Reverb recounts its Top Ten comedy shows (and albums) and video games of 2011 - Reverb

Best of 2011: Stand-up shows, comedy albums, and video games

The women of Ladies Laugh-In assemble for a photo at Beauty Bar on 13th Avenue. Photo by Elliot Woolsey.

The women of Ladies Laugh-In assemble for a photo at Beauty Bar on 13th Avenue. Photo by Elliot Woolsey.

The past couple weeks Reverb has been looking back — and not in anger, mind you — at the year in music. So I thought I’d shake up the format with two things any mature, 34-year-old man should be deeply concerned about: comedy and video games. Let’s start with the funny stuff.

From economic woes to political turmoil and celebrity meltdowns, we enjoyed — hell, needed — the unfettered opinions of the best stand-up comedians to help put the daily absurdity in perspective, and to say the things the corporate filters and self-censors would rather we didn’t. Stand-up comedy has enjoyed a creative and commercial rejuvenation in recent years, and 2011 proved it’s not over yet.

Here are the top 10 shows I saw in the Denver area during 2011 that showed off the best that comedians can do, from regular showcases to individual stand-up sets, followed by my ten favorite comedy albums of 2011.

10. Laugh Track Comedy Festival, Oriental Theater
Filmmaker duo the Nix Bros.’ growing stand-up and film confab is helping fill a huge hole in the hopping Denver festival (and comedy) scene. What we want for 2012: More out-of-town names and enticements for non-stand-up fans to attend.

9. Too Much Fun, Rockaway Tavern/ City ‘O City
Hip, messy, exhilarating comedy and indie music with a side of PBR from the rising troupe the Fine Gentleman’s Club. If Chris Charpentier, Bobby Crane, Nathan Lund and Sam Tallent continue at this rate, they’ll have created their own scene around their Wednesday night stand-up-and-music showcases, which recently moved from the Rockaway Tavern to City ‘O City.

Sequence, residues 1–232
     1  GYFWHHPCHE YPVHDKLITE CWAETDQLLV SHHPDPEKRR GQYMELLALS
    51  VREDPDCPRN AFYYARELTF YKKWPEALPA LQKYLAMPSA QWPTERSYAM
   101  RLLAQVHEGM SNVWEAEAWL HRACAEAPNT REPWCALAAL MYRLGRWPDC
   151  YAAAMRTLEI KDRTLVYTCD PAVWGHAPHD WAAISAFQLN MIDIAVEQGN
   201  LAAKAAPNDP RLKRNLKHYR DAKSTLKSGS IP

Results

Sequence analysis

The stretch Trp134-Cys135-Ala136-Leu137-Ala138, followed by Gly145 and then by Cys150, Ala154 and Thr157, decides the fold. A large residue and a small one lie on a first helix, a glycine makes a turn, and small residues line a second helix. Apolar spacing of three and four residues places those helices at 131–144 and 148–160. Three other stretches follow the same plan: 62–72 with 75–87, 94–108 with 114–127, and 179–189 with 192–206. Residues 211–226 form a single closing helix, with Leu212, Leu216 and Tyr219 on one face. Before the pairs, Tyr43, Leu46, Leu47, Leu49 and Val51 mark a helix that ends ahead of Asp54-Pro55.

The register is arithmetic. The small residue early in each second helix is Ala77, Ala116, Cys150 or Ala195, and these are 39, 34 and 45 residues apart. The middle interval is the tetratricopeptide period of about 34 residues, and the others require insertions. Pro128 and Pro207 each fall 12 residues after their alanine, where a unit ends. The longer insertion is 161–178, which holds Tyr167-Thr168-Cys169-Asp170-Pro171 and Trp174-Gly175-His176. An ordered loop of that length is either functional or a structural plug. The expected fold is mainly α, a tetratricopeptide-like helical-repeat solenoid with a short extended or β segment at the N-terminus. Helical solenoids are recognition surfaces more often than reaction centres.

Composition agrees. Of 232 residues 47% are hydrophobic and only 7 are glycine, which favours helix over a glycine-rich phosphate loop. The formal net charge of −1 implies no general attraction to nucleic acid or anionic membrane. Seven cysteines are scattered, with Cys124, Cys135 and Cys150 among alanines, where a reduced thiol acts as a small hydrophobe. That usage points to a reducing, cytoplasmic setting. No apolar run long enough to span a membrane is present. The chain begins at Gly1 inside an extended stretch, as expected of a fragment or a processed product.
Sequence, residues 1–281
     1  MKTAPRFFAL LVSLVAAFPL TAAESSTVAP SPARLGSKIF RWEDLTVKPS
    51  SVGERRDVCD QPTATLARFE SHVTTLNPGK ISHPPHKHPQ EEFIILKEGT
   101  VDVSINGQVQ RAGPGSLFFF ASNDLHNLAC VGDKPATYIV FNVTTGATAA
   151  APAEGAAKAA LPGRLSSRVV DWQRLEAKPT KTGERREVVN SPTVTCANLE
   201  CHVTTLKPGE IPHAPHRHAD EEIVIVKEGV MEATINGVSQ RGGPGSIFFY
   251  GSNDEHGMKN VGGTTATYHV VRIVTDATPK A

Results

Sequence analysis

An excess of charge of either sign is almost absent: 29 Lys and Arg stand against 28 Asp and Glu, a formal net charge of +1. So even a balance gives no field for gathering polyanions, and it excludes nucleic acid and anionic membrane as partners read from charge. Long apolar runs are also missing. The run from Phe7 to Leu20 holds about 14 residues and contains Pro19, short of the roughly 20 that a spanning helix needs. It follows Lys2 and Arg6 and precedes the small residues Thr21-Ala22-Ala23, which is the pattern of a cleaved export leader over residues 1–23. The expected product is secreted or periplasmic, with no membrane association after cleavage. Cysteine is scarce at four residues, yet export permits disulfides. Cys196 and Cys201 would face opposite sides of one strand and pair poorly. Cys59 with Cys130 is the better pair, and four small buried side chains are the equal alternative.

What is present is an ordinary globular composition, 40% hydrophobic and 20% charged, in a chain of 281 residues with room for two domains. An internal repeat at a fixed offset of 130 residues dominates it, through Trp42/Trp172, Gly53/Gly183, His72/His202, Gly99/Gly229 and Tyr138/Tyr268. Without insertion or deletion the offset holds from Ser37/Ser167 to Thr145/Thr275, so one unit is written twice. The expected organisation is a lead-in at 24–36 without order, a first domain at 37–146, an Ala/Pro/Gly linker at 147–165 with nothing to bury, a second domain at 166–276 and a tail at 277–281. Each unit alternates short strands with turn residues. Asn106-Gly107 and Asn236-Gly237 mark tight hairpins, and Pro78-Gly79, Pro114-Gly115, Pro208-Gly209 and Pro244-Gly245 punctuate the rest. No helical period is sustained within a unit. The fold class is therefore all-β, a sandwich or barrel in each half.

8. Ladies Laugh-In, Beauty Bar
Heather Snow’s clever marriage of unusual venue and format, which takes place the third Thursday of each month, gives audiences a chance to see stand-ups who often get passed over by the dude-centric clubs and open mics nights around town.

7. Kathy Griffin​, Buell Theatre
The Joan Rivers-shaped thorn we desperately need in our sides. Love her or hate her, you can’t deny the laser-like accuracy of her sights or her fearless, frequently self-effacing approach.

6. Marc Maron​, Comedy Works
“WTF” podcast star Maron and his everyman anger pretty much nailed the country’s mood this year. Generally uncompromising, cynical and frequently revelatory, his show was a constant must-listen, and his stand-up sets were just as good.

5. Paul F. Tompkins, Gothic Theatre
Urbane, witty narratives from an in-demand L.A. renaissance man. From “Mr. Show” to “Best Week Ever” to his own podcast and celebrity-stuffed shows at the Largo, there seems to be little Tompkins can’t do.

4. Aziz Ansari​, Paramount Theatre
Who knew Ansari’s quietly indignant humor would translate so well from MTV’s cred-heavy “Human Giant” to a mass audience? This “Parks and Recreation” co-star and alt-comedy hero is owning his moment in the spotlight, and his live prowess proves it.

3. Mile High Sci-Fi, Denver FilmCenter/Colfax
Costume contests, craft beers and the best live B-movie commentary around? We’ll take it. From “Snowbeast” to “Swimfan,” Harrison Rains and Matt Vogl put on one of the most consistently entertaining shows this side of “Mystery Science Theater 3000.”

2. Moshe Kasher, Comedy Works
Blindingly hilarious and harsh observations from this rising star, soon-to-be-author and all-around Jew (his words, not mine). A welcome furnace blast of truth and a bracing new voice on the stand-up scene.

1. The Grawlix, Avenue Theater
The core troupe may have changed a bit over the year, as former Wrist Deep Productions members Greg Baumhauer and Jim Hickox left the show, but this monthly stand-up showcase stayed sharp and irreverent in its first 11 episodes, mixing national and local stand-up guests (T.J. Miller, Mara Wiles, Kumail Nanjiani, the Sklar Brothers, etc.) with videos, sketches and an anything-can-happen vibe. Adam Cayton-Holland, Ben Roy and Andrew Orvedahl have done more for Denver’s comedy scene over the past year than many stand-ups have accomplished over their careers.

Top Ten Comedy albums of 2011

10. Amy Schumer, “Cutting”
9. Doug Benson, “Potty Mouth”
8. Sklar Brothers, “Hendersons and Daughters”
7. Doug Stanhope, “Oslo: Burning the Bridge to Nowhere”
6. The Lonely Island, “Turtleneck and Chain”
5. Marc Maron, “This Has to Be Funny”
4. T.J. Miller, “The Extended Play E.P.”
3. Tig Notaro, “Good One”
2. Louis C.K. “Hilarious”
1. Patton Oswalt, “Finest Hour”

Click on Page 2 below to see Reverb’s picks for the Top Ten video games of 2011.

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